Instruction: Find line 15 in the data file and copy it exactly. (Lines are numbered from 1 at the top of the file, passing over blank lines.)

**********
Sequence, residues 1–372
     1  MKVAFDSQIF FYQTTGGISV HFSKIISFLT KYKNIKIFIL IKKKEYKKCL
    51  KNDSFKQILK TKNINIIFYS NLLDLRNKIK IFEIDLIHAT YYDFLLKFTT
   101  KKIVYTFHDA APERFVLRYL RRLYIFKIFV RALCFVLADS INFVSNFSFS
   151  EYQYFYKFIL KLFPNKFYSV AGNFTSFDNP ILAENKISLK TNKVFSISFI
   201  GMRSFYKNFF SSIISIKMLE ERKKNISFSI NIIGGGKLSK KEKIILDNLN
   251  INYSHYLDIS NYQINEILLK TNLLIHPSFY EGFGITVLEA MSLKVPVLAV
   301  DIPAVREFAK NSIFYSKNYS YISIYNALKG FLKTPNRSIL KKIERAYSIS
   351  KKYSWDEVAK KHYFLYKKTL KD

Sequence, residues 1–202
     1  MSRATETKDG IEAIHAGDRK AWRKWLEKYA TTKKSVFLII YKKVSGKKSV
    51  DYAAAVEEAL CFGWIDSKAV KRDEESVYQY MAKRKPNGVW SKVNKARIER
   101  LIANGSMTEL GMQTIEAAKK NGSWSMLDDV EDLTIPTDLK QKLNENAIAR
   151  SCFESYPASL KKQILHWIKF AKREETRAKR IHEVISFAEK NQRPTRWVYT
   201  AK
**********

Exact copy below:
   201  AK